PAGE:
But the thing is that cases like this happen all the time and it seems that no matter how rough the penalties may get, people are still tempted to take a risk and thus never give up on having a good time, even if this implies alcohol or drug consumption.
Another incredible fact is that it appears that over 40% of overall teen auto death takes place between 9 p.m. and 6 a.m. Moreover what youngsters seem to forget, or choose to forget, depending on their own parents’ habits is to never use the phone while driving. Following their parents or their friends’ they easily get into the bad habit of using their phones while at the wheel. But what they just don’t seem to care about is the fact that tests proved that using a phone in the car can reduce the reaction time down to that of a 70-year old driver.
Things can be valid both ways. Teens are victims and aggressors at the same time. So they are not the problem. It’s not them who are irresponsible and want to show off. It’s their parents who are their model setters. It’s the adults who should start making changes in this case, not the youngsters.
There’s no DUI DWI persuasive speech anyone can give in order to make someone quit the awful habit of drinking and driving. Prevention is a lot of times learned the hard way, by putting up with tragic consequences. The Internet is fed up with videos and pictures of automobile tragedies that seem to change our mindset in a lesser extent than normal. Some innocent people die in crashes caused by strangers at a wrong timing.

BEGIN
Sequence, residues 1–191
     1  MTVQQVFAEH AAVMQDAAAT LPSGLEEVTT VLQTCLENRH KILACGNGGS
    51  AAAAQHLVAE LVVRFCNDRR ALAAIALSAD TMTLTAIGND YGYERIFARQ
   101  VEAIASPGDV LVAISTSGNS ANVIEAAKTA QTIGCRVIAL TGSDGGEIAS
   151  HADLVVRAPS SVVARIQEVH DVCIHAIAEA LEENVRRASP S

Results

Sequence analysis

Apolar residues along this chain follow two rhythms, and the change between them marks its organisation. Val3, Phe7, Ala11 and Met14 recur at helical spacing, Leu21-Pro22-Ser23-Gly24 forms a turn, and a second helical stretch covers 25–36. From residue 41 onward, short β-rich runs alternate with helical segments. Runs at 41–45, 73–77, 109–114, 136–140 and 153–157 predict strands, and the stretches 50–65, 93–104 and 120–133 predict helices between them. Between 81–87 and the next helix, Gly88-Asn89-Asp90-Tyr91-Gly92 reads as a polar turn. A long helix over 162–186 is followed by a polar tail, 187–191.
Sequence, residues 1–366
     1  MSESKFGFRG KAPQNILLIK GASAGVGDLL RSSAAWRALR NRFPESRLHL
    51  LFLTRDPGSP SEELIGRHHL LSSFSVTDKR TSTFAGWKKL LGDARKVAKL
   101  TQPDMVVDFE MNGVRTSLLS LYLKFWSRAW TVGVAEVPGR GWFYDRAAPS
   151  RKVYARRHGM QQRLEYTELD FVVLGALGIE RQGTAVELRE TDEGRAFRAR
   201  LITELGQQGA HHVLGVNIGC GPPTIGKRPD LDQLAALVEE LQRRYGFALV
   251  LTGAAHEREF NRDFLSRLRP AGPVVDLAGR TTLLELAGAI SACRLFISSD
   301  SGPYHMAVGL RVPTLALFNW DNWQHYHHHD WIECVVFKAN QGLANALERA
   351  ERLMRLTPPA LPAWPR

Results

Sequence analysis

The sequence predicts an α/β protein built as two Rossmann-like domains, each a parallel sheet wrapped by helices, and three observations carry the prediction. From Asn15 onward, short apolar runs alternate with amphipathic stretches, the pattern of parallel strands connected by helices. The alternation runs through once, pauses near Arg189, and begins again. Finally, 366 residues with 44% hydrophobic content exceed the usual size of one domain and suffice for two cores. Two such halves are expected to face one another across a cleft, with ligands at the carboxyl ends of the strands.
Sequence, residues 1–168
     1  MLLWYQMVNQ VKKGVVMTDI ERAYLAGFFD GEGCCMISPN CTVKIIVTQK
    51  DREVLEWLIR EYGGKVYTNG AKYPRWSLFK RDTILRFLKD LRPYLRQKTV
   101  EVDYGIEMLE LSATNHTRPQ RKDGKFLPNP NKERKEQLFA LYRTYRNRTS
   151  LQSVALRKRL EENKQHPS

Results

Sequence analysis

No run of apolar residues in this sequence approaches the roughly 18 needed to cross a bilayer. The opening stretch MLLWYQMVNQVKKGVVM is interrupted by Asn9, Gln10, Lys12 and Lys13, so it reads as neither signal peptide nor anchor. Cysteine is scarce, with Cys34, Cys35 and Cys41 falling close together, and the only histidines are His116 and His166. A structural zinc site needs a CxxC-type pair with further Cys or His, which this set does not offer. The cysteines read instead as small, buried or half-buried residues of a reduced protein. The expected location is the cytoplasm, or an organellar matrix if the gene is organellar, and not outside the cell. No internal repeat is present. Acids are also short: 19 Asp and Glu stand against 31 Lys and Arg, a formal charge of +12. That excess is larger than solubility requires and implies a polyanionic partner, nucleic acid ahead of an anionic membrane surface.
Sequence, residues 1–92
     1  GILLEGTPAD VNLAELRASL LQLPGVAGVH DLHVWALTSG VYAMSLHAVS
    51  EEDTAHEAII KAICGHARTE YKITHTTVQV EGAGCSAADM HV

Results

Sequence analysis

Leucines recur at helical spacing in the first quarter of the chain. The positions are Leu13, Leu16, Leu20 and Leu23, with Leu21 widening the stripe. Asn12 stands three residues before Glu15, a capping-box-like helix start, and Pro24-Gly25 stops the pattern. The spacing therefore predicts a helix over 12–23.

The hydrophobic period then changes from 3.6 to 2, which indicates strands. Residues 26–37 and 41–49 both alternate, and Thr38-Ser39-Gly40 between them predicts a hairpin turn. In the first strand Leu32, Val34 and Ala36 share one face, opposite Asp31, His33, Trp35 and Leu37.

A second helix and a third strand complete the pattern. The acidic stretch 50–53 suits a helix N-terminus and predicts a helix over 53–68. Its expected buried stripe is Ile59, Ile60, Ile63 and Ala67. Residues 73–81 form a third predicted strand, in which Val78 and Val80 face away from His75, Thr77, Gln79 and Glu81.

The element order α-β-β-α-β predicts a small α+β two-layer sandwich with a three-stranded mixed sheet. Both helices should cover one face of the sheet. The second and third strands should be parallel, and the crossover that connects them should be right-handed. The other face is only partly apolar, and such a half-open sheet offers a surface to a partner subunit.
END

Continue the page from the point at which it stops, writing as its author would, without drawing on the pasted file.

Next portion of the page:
What we are asking you is to educate yourself. To make plans ahead so that you know you have taxi money or a designated driver; even a back up designated driver if necessary, instead of having to desperately find a lawyer once things have gotten really messy and sad. On the other hand, in case you are hosting a party, act as if you were their mother and make sure everyone is leaving with a sober driver. In case this is impossible, offer them a spending the night alternative and make sure they don’t get hold of their car keys. DUI and DWI are not some bad jokes. They are happening as we speak. Bottom line, it’s not about DWI vs DUI at all. It’s about life vs. death.